I'm writing with a heavy heart today. Our good friend, mentor, teacher, coach and fearless leader, Richard Badger, passed away last week. His knowledge of the Mount Washington Valley and his associated involvement in countless aspects of life here will be sorely missed. It always made my day when he would comment on one of my articles. I never saw him without a smile on his face and a kind word on his lips. He will be dearly missed.
Since we are on a bit of a buyer barge right now, I wanted to take a small step back and talk about a little strategy when it comes to buying. I tend to be a bit impulsive. When I see something I'm interested in, I jump in with both feet. I've tempered that insanity over the years, but it still gets me in trouble here and there. With a home purchase, the last thing you want to be is impulsive. Most of us don't have that kind of money floating around, so let's dig in.
The first question to answer is: Why? Why do you want to buy a home right now? Are you excited about interest rates or market fluctuations in your area? Did you just get married or divorced and need a new place? Are you sick of paying rent? (No, really. Aren't you sick of paying rent?!) This information can help your buyer's agent in their search on your behalf. Perhaps the reasons you think are important are not as urgent as originally understood. This is a good question for which you should have a solid answer.
Next, you (and your agent) should be aware of how long you have been searching for a home. This is not to say that, if you have been searching for more than (insert length of time here) that you are not serious about buying. It just means that your priorities are such that you are not in a big rush or you are not working with the right agent. The job of an agent is to find you a home. If you are serious about buying (and your agent knows this), they should be bringing you potential matches as often as possible. You should also not feel guilty about telling them exactly what you want. The more information they have, the better of a job they can do for you.
What if you found the perfect home today? Are you ready? This question is mostly about your finances and not your readiness to "buy" a home. Are you pre-approved? Do you have down-payment and closing-cost funds available?
"When I am working with buyers who are financially ready to pounce, it indicates a higher level of urgency and preparedness," said Badger Realty agent Tara Peirce. "It is obvious we have moved beyond the level of tire-kicker and this buyer is ready to start their life in their new home," she continued.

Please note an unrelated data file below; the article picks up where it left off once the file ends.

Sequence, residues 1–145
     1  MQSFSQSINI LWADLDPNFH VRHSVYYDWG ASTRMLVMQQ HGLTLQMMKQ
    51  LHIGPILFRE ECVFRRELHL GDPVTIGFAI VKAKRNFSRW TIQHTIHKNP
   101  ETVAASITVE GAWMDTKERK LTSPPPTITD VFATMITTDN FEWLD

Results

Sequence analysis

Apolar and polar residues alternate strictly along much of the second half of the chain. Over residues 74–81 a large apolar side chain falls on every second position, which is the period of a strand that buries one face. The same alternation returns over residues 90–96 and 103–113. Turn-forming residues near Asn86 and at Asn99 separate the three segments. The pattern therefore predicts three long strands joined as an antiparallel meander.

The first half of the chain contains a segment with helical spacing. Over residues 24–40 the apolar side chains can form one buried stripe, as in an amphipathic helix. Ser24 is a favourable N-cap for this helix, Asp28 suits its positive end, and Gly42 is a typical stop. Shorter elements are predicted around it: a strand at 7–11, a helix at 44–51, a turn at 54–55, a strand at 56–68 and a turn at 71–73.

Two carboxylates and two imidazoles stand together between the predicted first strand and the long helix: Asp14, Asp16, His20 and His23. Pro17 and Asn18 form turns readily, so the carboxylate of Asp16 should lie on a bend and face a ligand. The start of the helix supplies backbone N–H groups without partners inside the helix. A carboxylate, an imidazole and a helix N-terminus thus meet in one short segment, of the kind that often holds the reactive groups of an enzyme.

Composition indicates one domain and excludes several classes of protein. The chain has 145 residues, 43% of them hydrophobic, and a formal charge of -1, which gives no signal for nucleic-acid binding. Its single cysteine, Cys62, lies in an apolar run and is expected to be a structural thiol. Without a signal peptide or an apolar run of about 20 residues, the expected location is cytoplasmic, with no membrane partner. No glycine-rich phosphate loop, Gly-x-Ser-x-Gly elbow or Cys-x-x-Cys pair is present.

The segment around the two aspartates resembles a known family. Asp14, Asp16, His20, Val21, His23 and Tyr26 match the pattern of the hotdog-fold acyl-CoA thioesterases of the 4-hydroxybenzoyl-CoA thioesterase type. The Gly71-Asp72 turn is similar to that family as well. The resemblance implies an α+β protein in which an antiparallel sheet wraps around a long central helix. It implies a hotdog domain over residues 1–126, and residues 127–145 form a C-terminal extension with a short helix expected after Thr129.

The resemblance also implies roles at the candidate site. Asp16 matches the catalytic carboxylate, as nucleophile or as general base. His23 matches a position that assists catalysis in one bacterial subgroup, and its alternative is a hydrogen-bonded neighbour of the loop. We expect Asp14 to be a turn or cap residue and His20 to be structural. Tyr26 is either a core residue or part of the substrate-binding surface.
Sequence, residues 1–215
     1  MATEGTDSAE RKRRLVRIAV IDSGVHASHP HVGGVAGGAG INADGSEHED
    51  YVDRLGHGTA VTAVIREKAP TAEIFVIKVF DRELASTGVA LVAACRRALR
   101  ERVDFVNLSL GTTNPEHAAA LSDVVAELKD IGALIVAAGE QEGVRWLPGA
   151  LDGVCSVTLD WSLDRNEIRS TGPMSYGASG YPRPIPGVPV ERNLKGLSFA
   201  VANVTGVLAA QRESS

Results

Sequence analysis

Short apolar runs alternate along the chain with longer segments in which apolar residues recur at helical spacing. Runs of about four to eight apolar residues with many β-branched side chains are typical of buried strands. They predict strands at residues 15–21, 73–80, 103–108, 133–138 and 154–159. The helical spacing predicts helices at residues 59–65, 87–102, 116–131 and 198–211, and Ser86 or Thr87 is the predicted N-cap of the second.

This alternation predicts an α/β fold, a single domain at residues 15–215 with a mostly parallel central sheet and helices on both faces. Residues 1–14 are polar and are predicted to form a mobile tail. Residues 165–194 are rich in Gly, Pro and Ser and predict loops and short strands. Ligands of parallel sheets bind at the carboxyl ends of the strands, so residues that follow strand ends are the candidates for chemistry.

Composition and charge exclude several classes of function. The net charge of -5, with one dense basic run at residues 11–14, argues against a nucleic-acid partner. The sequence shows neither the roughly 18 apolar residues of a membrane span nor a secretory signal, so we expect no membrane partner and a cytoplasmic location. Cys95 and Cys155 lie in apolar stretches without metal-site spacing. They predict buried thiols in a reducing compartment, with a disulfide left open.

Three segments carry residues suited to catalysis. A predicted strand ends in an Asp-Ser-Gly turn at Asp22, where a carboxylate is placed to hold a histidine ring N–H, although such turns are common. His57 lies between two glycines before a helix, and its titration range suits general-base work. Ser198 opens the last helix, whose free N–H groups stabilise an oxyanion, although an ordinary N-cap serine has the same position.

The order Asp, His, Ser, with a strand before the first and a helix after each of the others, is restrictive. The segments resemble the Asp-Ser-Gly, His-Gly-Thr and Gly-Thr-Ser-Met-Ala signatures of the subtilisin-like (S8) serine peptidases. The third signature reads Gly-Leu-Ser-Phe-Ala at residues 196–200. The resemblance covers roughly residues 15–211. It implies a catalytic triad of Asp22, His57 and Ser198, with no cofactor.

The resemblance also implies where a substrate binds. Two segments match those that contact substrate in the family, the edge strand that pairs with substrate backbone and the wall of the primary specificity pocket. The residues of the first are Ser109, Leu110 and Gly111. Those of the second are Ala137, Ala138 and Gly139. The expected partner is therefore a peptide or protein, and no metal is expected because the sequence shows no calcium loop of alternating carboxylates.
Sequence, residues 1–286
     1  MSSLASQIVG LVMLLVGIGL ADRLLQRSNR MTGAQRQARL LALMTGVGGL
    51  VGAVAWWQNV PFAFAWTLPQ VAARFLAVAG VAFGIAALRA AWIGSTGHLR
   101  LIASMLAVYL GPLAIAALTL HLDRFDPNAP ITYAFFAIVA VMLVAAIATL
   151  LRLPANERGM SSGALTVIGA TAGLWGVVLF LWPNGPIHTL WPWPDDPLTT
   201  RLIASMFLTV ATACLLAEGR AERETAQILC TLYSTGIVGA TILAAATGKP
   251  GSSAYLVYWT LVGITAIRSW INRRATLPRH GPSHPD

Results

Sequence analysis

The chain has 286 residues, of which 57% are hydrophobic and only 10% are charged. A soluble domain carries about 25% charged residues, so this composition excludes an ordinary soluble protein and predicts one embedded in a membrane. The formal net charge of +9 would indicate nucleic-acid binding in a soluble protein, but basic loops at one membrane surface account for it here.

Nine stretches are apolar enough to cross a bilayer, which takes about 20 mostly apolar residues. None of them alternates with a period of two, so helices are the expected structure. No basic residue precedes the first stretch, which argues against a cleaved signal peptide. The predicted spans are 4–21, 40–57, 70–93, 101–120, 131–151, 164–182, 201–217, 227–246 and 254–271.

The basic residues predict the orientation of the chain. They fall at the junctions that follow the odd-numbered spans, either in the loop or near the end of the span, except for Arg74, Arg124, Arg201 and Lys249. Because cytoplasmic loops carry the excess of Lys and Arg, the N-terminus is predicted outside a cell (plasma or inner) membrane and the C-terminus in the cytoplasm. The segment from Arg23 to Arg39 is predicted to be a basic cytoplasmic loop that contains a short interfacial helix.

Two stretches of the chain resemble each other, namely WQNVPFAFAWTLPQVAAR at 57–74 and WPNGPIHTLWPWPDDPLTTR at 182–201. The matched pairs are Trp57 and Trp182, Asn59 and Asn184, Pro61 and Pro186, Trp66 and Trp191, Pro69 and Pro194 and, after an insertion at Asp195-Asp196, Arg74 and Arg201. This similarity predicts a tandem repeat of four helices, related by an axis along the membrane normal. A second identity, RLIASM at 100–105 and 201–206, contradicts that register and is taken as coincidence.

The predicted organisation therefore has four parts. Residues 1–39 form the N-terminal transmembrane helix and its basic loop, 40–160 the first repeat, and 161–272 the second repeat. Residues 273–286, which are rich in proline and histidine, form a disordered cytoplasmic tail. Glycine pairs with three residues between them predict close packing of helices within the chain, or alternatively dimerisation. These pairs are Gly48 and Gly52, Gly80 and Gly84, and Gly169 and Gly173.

What are your favorite areas of town? This question is one of my personal favorites. It indicates to me that you have taken the time to learn about the area (especially if you don't live here full-time) and have made decisions about where you want to put down roots. Do you want to be close to the hustle and bustle of Main Street? Do you prefer the neighborhoods, parks and playgrounds further into the 'burbs? Do you want to commune with the deer and moose and prefer them to "human" neighbors? Knowing this will not only help you narrow down your choices, but the answers to those questions help your agent find you that perfect home.
What is your favorite part about the ideal home you have pictured in your head? Is it a five-bay garage with a car lift? (Is that just me?) Maybe it's a massive backyard. Does a finished basement complete with media room just rev your engine? How about a spacious kitchen with the best appliances and countertops for days! Just like a list of "must haves," you should also know which room/area of the property you will look forward to coming home to at the end of the day. It will help keep things in perspective.
On the flip side of that question is, what is going to be a deal-breaker for you? For me, I can't imagine living where I can hear the constant drone of cars passing by. I also really don't want neighbors on all three sides of my home. I need some space (read: acreage) and privacy. For you, maybe it is the lack of a basement or garage. Perhaps a set number of bedrooms is critical to you. All of these variables make the filtering of potential homes much easier and help keep you focused on your ultimate goal.
The process of buying a home is a tough road. Honestly, for someone like me who hates making big decisions, it can be a bit painful. My hope with these suggestions is that you'll begin to carve out a picture of what you need, want and don't want in your next home. With these in mind, you and your agent will be better suited to find you that awesome new place.